A very useful survey of the sources available to early modern historians provides descriptions of the full array of documents and information about where they were located. These ranged from records in central archives and in local repositories--some of which were as jealously guarded as those of today--to ecclesiastical and private papers. But Broadway goes far beyond these, incorporating heraldic and funerary evidence as well as oral testimonies and the popular memory, amongst the variety of resources at the local historian’s disposal. She also comments upon the "absence of modern referencing standards in the sixteenth and seventeenth centuries," which is curious given this book’s inexplicable failure to include a bibliography and its rather scanty index (p. 113).
Broadway ascribes the Elizabethan and early Stuart gentry’s interest in local history to their obsession with genealogy which, in turn, was driven by the "patriarchal concept of descent" and by their need for a sense of identity (p. 154). The importance of continuity of tenure led some to claim links to ancestral estates even after they were lost or sold while others went to the length of concocting or commissioning bogus pedigrees. But the suggestion that local historians might compromise their integrity and run the risk of being accused on undermining the very fabric of society is perhaps overdrawn. There was by no means a universal reverence for the past. For example, in the mid-seventeenth century, Lord Craven announced to the earl of Oxford, who could trace his ancestry over several hundred years, "I am William Lord Craven; my father was Lord Mayor of London, and my grandfather was the Lord knows who; wherefore I think my pedigree as good as yours, my lord." Again, a little more light and shade needs to be observed.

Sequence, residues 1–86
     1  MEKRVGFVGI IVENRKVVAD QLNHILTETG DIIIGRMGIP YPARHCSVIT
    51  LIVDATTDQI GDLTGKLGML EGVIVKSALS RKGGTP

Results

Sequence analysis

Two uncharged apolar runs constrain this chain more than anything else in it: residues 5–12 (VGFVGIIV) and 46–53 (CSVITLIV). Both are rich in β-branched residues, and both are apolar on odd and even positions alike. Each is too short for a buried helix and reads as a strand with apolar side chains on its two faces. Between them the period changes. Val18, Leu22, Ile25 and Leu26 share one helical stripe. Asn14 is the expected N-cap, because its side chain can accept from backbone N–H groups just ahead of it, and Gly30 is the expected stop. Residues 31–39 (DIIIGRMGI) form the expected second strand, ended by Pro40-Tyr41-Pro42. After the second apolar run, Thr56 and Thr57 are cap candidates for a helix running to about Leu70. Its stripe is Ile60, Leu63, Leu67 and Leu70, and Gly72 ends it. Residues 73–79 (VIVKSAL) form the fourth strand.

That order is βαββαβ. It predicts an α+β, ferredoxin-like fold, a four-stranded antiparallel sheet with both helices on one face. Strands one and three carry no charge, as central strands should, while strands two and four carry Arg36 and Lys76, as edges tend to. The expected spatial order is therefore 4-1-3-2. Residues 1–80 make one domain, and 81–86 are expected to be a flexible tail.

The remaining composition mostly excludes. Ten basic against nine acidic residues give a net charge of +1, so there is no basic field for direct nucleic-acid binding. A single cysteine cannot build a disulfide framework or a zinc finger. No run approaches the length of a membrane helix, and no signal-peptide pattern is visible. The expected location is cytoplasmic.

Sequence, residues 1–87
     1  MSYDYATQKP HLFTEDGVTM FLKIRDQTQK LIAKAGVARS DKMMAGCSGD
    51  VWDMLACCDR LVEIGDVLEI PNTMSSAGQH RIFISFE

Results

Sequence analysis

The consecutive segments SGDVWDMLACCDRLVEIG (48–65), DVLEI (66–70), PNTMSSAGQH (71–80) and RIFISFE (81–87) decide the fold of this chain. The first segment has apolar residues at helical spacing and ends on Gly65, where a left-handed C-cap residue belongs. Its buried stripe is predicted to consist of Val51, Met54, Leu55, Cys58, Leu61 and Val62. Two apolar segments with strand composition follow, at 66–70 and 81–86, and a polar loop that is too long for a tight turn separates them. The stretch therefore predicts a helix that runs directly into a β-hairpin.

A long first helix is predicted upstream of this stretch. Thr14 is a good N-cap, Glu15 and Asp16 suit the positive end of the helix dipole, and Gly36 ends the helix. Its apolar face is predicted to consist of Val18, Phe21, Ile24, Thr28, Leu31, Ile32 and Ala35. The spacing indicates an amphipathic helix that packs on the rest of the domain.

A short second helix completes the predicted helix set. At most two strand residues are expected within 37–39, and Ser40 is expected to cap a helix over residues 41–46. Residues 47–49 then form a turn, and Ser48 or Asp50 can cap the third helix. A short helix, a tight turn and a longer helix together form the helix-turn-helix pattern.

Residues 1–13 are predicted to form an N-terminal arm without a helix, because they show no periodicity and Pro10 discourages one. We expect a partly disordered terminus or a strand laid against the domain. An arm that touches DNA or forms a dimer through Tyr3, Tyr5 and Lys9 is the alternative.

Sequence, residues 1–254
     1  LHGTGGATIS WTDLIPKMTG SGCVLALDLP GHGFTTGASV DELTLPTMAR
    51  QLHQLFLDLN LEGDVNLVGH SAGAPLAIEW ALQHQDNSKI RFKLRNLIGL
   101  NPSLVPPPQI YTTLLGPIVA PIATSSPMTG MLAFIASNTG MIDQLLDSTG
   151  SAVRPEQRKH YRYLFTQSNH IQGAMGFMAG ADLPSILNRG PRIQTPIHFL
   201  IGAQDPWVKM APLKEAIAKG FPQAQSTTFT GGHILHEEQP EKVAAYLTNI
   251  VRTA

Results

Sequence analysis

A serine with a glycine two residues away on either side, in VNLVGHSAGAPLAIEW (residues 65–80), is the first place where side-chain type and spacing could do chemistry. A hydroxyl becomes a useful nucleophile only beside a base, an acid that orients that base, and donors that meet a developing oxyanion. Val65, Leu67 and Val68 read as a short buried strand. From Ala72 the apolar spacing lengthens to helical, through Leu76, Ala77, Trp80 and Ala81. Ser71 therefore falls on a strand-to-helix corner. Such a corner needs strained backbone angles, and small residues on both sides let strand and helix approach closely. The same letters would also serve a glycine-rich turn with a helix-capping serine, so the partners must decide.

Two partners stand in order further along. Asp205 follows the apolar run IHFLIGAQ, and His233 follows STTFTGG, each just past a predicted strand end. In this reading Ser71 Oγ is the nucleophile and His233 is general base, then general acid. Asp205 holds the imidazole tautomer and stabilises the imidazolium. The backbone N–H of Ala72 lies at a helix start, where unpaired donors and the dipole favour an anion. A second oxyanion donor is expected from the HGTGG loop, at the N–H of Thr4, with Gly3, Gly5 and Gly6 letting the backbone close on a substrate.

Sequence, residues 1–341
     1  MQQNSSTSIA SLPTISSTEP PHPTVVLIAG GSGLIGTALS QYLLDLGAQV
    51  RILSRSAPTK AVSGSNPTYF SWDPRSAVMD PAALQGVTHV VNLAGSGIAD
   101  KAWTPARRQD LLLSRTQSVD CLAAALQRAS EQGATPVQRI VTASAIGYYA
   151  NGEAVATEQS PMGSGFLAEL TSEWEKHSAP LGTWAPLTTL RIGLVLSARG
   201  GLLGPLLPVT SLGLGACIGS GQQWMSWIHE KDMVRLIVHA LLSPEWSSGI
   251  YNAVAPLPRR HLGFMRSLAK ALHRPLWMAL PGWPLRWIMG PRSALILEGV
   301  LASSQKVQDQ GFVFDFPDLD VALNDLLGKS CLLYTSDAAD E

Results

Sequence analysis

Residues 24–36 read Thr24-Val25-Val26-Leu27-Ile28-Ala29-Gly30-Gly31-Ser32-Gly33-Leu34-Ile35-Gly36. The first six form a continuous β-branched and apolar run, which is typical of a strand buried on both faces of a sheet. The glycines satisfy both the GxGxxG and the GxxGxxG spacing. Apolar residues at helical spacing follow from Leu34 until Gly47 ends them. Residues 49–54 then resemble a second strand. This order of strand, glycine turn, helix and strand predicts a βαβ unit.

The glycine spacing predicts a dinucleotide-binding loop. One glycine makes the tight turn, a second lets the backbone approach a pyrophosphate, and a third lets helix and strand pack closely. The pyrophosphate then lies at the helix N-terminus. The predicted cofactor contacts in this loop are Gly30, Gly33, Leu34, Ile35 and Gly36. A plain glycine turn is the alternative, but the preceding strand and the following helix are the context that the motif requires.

Broadway does present a very interesting discussion of the didactic purpose of the early modern local historians’ work. For, despite this being the principal justification for their writing, little attention has been paid to this aspect by later historians. Thus, martial virtue, civil magistracy, and religious piety loomed large in those Elizabethan and early Stuart local histories which celebrated local families and encouraged emulation of these qualities in their contemporaries. Finally, she returns to the coincidence of developments in cartography with the growth of local history in the period covered by this book. Accordingly, an entire chapter in devoted to these two means of recording the gentry’s relationship to their physical and cultural space and, perhaps more importantly, the impression they made on both maps and county histories. The conjunction of the two branches is also reckoned to have laid the foundations for the later development of archaeology as a scientific pursuit.
Perhaps inevitably, the book is rather heavily slanted towards the Midland counties (and especially the Berkeley family), evolving as it has out of the author’s University of Birmingham doctoral thesis on Antiquarianism and the Development of County History in the Midlands, 1586-1656, but that aside, it is a fine exposition of gentry culture and the development of local history in early modern England.
. Sir Philip Sidney, "An apologie for Poetrie," in Elizabethan Critical Essays, ed. G. Gregory Smith (Oxford: Oxford University Press, 1904), i, 178.
. Daniel Defoe, The Complete English Tradesman (London, 1726), 377-78. He was later created earl of Craven by Charles II.
If there is additional discussion of this review, you may access it through the network, at: https://networks.h-net.org/h-albion.
Diana Newton. Review of Broadway, Jan, No Historie So Meete: Gentry Culture and the Development of Local History in Elizabethan and Early Stuart England.
H-Albion, H-Net Reviews.